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Category Archive for 'agile methods'

My blog post the other day about giving up on test-first development attracted a lot of attention, not least from ‘Uncle Bob’ Martin, an agile pioneer who wrote an entertaining riposte to my comments on his ‘Clean Code’ blog. He correctly made the point that my experience of TDD is limited and that some of the […]

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In my recent blog post on TDD, several people suggested  that some of the problems that I was having with TDD were that I may have a system with a tightly coupled UI and that I was trying to test through that UI.  They suggested that TDD is more effective when the UI is made as […]

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My last post on top-down development attracted a lot of attention from the Twittersphere and lots of comments. The vast majority of these were constructive, whether they agreed with me or not.  I am delighted that the post sparked such a response because we can only improve approaches through challenge and discussion.  It’s well worth […]

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Test-first or test-driven driven development (TDD) is an approach to software development where you write the tests before you write the program. You write a program to pass the test, extend the test or add further tests and then extend the functionality of the program to pass these tests. You build up a set of […]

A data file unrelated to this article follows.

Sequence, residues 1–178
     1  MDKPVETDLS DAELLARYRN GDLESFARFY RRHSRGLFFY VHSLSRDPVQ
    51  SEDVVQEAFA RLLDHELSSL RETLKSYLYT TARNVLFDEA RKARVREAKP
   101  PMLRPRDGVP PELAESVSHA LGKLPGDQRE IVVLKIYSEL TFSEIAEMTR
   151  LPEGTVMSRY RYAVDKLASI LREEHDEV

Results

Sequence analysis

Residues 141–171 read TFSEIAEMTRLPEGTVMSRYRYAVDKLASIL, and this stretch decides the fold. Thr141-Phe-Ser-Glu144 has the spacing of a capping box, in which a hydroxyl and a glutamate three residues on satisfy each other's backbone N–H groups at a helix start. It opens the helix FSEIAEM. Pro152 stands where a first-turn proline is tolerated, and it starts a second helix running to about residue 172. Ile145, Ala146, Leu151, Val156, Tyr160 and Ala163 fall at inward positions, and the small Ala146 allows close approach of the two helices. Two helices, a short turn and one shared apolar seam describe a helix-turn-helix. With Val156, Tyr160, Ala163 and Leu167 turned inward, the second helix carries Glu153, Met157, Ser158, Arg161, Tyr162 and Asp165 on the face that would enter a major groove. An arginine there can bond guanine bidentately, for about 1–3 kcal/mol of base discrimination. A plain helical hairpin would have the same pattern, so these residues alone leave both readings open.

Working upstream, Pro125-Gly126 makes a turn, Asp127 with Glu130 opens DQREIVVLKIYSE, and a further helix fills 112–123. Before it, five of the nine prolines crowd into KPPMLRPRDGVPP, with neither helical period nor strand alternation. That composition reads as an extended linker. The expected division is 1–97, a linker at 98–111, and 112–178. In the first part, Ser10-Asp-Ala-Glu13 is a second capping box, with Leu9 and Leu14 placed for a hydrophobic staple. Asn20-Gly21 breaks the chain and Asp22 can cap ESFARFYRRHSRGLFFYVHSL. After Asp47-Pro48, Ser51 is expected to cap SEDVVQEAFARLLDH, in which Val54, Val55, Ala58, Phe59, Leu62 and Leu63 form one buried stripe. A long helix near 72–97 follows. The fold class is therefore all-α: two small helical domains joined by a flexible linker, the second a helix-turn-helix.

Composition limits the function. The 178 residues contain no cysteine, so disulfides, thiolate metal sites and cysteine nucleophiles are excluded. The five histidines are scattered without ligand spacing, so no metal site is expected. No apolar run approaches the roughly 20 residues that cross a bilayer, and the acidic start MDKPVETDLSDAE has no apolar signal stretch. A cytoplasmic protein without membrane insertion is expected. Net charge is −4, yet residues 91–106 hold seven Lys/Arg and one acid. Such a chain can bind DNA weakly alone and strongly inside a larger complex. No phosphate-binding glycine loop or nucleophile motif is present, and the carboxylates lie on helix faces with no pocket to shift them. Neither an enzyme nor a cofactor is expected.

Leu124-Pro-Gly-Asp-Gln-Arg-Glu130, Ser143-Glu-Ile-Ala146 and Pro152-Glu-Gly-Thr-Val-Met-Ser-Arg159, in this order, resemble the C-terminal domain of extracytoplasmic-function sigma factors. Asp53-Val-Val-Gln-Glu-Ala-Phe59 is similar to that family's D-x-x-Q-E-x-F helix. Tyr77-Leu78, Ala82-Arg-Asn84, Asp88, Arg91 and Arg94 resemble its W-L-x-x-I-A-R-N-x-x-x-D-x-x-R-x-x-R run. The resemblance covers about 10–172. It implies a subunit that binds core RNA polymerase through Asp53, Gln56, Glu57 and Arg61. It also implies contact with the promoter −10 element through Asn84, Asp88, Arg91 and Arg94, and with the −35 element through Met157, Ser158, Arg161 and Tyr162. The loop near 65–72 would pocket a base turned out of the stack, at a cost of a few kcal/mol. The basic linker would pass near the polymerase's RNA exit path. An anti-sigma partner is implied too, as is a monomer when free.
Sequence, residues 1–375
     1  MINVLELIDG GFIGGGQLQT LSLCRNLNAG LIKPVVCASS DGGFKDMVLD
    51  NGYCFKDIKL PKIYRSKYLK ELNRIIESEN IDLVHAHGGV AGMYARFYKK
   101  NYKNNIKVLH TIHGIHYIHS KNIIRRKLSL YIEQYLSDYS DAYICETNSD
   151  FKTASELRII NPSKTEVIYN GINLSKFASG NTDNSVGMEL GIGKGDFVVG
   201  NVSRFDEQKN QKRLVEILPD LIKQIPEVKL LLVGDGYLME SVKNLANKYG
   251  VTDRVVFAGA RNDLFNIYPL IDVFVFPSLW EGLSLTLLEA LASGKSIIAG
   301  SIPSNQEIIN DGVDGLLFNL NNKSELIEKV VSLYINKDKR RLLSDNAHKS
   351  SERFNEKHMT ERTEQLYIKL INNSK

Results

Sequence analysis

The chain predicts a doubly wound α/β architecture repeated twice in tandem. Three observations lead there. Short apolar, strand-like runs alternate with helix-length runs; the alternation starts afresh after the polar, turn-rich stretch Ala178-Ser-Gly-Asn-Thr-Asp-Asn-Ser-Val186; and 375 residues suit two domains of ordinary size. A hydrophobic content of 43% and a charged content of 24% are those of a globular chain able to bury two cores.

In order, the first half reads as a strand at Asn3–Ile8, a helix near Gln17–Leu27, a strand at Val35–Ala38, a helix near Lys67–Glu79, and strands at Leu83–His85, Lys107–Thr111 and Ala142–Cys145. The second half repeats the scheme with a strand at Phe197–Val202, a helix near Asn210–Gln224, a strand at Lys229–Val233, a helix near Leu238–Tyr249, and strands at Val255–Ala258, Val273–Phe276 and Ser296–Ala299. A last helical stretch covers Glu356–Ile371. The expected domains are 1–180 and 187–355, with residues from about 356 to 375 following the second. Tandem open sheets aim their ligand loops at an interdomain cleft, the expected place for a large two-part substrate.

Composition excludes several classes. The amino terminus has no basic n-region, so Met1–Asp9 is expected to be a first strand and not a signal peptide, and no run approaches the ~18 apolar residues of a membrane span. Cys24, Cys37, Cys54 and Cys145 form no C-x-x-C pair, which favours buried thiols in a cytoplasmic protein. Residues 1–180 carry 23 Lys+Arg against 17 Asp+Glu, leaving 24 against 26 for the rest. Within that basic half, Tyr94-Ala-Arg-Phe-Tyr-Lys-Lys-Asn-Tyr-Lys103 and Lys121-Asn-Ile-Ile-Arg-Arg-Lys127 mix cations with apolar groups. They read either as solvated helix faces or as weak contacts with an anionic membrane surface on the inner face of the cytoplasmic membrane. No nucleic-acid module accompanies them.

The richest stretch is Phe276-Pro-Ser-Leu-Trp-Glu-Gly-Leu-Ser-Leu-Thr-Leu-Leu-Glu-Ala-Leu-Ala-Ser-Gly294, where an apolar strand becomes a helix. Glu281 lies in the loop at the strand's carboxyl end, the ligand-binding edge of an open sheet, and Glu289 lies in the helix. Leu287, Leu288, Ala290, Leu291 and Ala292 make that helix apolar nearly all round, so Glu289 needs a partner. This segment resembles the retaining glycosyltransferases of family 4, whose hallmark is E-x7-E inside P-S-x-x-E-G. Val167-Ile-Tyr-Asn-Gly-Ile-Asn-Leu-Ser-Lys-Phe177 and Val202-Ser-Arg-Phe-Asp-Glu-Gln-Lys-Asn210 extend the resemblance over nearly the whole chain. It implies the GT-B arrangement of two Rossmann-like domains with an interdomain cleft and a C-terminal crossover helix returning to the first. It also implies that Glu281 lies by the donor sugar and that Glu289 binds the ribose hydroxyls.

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I wrote the 1st edition of my book on software engineering at the beginning of the 1980s when there was no doubt what software engineering was about. The ideas underlying software engineering then came from military and aerospace systems. Large business systems were built using the same approach so there was no ambiguity about what […]

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I recently found on my bookshelves an old copy of Zen and the Art of Motorcycle Maintenance – a 1970s book in which the author, Robert Pirsig,  reflects on what he calls the ‘metaphysics of quality’. I remember reading it shortly after I had started my first academic job and relating quite strongly to the […]

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Agile development gets lots of hype. Governments around the world are saying that we must be agile and use agile practices for IT systems development. Whatever the question, ‘agile’ is the answer. I am sympathetic to the agile manifesto and I think some agile practices such as time-bounded increments and test-driven development are universally useful. […]

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